Dear friends! Please consider submiting an abstract and attending our session at Goldschmidt 2018 in Boston, USA:
07c: Controls, Patterns, and Consequences of Organic Matter Burial
Keynote: David Burdige (Old Dominion University)
The geologic record captures only a portion of the complex biogeochemical interactions involving marine primary productivity. Apparent decoupling between export production in the water column and burial of organic matter as observed in modern environments has led to strong debates on the fidelity of classic productivity proxies (Corg, excess-Ba, barite, organic-P, biogenic SiO2). Common problems are caused by variable reactivity of organic matter, diagenesis, changing accumulation rates, and oceanic anoxia leading to gaps in the paleorecords and artifacts reflecting differences in proxy preservation rather than actual changes in the export of organic matter. Disentangling individual processes is often challenging; however, growing interest in proxy development and state-of-the-art analyses has led to major breakthroughs. Biologically active trace elements (e.g., Cd, Cu, Fe, Ni, Zn), their emerging isotopic systems, and biomarkers can delineate changes in primary productivity through time. We welcome contributions related but not limited to reconstructions of organic burial and the broad implications for carbon cycling spanning the Mesozoic to recent using classic and emerging proxies. Those tracers include biologically active trace elements, their isotopes, and organic compounds. We also encourage related submissions on the geochemistry of settling particles and sediment chemistry, including pore waters in modern marine settings. Studies are also welcome that address preservation and transformation of productivity proxies via metabolic redox pathways both in the water column and marine sediments.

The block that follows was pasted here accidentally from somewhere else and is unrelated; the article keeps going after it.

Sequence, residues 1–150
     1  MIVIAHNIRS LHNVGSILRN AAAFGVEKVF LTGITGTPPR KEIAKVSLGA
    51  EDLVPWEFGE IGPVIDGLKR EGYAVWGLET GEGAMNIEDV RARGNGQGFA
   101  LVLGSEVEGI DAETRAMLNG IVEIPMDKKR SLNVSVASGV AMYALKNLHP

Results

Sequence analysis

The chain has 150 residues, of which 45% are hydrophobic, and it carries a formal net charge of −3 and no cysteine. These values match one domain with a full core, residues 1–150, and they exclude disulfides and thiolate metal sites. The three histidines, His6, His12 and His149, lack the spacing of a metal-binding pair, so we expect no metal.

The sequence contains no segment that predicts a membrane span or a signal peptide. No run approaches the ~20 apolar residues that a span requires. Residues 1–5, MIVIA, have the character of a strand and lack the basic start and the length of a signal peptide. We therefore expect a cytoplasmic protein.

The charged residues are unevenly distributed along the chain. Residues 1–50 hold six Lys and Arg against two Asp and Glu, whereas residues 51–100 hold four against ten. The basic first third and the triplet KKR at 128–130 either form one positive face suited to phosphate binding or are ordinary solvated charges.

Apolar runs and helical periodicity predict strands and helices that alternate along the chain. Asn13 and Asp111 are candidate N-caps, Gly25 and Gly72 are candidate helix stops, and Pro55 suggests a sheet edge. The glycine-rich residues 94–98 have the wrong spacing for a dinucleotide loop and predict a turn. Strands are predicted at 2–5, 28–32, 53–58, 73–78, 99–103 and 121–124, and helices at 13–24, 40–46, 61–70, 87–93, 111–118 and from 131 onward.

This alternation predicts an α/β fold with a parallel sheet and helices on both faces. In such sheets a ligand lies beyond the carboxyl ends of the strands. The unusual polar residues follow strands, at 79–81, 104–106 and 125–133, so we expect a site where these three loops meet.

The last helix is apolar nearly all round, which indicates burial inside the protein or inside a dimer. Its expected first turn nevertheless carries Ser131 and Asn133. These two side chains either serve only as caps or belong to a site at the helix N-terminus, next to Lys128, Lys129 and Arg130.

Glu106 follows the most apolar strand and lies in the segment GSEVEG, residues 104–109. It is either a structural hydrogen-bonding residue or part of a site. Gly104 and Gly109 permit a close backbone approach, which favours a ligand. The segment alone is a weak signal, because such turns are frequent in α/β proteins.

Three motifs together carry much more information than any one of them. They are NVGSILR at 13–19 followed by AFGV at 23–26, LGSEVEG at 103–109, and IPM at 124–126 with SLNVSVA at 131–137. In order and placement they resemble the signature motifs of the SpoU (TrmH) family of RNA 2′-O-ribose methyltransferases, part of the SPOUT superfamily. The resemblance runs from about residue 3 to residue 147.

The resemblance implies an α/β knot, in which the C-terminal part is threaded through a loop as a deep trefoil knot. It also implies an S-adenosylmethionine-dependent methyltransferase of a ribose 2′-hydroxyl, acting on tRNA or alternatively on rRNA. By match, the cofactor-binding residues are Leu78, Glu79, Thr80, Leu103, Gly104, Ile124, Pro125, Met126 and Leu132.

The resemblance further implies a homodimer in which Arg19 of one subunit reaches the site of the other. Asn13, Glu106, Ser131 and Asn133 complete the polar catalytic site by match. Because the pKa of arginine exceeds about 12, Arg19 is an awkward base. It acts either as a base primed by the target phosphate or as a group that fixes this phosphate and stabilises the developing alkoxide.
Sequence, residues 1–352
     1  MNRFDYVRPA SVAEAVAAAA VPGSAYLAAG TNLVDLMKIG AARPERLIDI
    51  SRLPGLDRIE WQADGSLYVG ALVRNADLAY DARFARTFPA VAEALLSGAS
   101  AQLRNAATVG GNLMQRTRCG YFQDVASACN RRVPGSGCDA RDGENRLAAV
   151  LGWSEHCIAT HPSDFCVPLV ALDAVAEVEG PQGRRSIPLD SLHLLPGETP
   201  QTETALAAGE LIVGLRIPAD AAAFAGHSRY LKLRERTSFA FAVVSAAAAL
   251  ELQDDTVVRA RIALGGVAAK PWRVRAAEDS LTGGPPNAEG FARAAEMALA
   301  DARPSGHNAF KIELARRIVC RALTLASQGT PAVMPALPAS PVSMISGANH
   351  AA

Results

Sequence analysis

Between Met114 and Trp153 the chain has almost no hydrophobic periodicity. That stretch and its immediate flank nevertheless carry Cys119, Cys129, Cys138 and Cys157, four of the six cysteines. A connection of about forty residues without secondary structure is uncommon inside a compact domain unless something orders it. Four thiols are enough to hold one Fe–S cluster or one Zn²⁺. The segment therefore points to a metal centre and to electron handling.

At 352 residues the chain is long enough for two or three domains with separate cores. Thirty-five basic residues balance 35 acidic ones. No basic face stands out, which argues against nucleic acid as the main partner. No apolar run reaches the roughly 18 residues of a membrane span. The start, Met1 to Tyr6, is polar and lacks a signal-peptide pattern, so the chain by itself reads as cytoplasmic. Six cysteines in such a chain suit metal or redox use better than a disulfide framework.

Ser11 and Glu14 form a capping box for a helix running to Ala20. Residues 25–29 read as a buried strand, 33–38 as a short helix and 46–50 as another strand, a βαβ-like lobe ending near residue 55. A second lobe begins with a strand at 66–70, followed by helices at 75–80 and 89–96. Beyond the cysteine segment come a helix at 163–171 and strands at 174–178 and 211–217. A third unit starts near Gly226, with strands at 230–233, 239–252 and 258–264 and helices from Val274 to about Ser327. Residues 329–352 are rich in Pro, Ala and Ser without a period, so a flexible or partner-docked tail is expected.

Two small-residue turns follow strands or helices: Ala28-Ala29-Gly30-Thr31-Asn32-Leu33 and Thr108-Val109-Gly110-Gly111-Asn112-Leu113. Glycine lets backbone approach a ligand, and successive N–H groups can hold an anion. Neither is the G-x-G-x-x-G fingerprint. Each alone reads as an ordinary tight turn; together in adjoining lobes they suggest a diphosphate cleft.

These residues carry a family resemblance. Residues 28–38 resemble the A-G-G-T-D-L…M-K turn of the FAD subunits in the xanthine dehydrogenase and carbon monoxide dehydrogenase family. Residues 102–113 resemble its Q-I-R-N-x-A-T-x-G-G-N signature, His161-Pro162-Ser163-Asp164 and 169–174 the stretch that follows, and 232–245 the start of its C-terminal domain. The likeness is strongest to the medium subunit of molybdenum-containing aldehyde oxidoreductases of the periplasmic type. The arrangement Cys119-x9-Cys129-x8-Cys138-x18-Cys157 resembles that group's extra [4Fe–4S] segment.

See you in Boston!